Chicago Commuters

Phone Envy
Phone Envy by I Nancy, on Flickr

There is nothing like photography to uplift my spirit and clear my mind. I took a series of images in this Chicago commuter train during my vacation this summer. Earlier, I published an entry called Study, were I was able to isolate one person on the train, deep in thought, as a nice portrait. The colors and lighting of the train were really conducive to my image making.

For Phone Envy, I worked the man in the dark jacket and glasses for all during the trip. Earlier he was alone in the seats below, using his own phone. The he was joined by a couple more passengers. I thought the image I achieved when these two passengers both texting would be my best. Then this appeared as the front man glanced over his shoulder. I have no idea what caught his attention to turn around like this, but it was just the moment I needed.

In The Girls, below, I watched these three women enter the train. I like the framing I could achieve with the metal work around them. They talked for a while and then began to catch up on their own business.

The Girls
The Girls by I Nancy, on Flickr

Cake Walk – Performance and Practice

Cake Walk
Cake Walk by I Nancy, on Flickr

Bay Area photographer G. Dan Mitchell recently wrote a blog post entitled “Music and Photography: Technique and Interpretation”. In it he explores the similarities of being a musician and being a photographer and notes how many people he knows who have accomplishments in both. Ansel Adams was an accomplished pianist and I, myself, an accomplished oboist. (There, I did it! I put Ansel Adams and myself in the same sentence.)

His writings struck a chord with me as I am often attempting to explain to others how I feel when I do photography. There is almost nothing that I do in my life that is not influenced, somehow, by my intense study of, dedicated practice, disciplined weekly music lessons, and performance of music. I started my study at the age of 9 with a single focus through the age of 23 after which I continued to perform and teach for another 20 years. The analogies between the two areas explode; whether it is learning, practice, performing, teaching, or presenting. But the most interesting part for me are the analogies between photography and music in the area of performance and practice.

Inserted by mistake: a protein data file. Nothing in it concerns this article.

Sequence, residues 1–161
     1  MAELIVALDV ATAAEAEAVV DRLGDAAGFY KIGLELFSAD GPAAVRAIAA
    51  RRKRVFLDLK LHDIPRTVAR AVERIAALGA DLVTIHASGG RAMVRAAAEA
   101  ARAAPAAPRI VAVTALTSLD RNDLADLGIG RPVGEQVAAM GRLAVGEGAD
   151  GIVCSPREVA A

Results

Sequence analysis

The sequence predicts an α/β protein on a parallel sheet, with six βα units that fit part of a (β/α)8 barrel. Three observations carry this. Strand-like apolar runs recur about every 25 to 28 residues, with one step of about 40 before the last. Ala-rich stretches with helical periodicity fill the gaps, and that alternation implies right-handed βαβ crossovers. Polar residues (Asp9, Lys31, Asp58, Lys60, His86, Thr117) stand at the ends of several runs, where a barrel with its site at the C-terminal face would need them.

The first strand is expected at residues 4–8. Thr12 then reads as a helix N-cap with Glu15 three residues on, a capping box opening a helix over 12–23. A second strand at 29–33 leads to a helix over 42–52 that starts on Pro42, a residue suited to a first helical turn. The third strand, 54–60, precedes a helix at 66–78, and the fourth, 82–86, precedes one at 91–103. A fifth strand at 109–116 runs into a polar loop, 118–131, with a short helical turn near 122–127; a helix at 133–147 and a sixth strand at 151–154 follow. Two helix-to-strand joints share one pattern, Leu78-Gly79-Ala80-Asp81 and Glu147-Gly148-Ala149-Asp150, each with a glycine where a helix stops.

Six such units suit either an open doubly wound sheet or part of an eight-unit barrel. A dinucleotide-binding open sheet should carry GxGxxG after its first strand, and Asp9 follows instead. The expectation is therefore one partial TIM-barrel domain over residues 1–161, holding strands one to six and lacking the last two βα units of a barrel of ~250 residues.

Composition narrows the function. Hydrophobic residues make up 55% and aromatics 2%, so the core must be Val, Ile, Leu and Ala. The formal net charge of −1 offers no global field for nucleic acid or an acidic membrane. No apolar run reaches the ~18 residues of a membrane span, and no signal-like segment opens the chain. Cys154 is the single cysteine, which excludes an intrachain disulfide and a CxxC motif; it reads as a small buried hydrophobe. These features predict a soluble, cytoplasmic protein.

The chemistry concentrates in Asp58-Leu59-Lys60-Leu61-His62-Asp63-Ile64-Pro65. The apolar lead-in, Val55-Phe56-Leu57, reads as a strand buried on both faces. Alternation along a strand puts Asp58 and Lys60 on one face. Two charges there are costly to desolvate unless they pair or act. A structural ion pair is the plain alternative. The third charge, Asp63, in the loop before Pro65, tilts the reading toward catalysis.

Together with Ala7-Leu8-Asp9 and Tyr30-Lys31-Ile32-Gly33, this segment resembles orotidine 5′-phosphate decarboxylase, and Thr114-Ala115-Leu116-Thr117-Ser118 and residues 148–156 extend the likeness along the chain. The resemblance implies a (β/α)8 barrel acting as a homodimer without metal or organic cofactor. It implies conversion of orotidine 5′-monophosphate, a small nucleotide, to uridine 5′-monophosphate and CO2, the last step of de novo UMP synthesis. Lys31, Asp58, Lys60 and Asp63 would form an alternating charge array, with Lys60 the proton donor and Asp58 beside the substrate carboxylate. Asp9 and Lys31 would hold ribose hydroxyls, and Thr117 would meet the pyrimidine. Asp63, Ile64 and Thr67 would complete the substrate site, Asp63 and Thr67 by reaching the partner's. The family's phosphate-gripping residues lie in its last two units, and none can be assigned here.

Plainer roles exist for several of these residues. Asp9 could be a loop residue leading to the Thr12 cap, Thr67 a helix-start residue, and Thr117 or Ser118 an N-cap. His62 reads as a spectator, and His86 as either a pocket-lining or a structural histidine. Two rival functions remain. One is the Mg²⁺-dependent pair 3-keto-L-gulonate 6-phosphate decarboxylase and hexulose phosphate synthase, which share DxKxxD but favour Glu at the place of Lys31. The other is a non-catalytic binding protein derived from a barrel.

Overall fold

In both music and photography there are two distinct, and opposite, activities – the time you spend alone working things out, repeatedly if necessary; and time you spend on the stage where nothing is forgiven, an instant cannot be replayed, the moment is gone. The interesting part, is that in music and in photography these time periods are reversed.

In music you practice and rehearse, playing things over and over in preparation, and then, only on the stage, is each moment unique with no return. In photography, however, you play your performance first, with the camera, and then concentrate in the dark/light room to work the image and turn it into your masterpiece. Even in landscape photography, where the mountains and trees don’t move, the perfect light, the glow in the clouds, may last only a few fleeting minutes.

I find these two areas of photography fascinating. I always feeling the same adrenaline and awareness while shooting that I used to feel while performing. The need to be think quickly, react quickly, and be hyper-aware. When truly focused, the time around you stops. I used to tell my music students that the way to play more quickly was simply to make time go more slowly. This sounds all metaphysical, but in truth it is about intense focus.

After the shoot is the introspective act of finishing the creation. Another lesson I tried to teach my students was the difference between playing and practicing. Playing may keep you in shape, but practice is where you get better. Sure, playing can work on the endurance aspect of music (you did know that playing a musical instrument is a physical sport), but practice is introspective, calming, nearly meditative, and about reinforcing the feedback between what you do and what you hear. I get this same feeling while post-processing my stuff. This is the time when deep exploration occurs. I do not mean technical exploration of this or that slider. I mean exploring what you want from the image and then determining how to make that happen. Reinforcing the feedback between what you saw and what you captured. What is the point of focus? How do I accentuate these points? Working and reworking your nuggets of gold to a refined jewelry.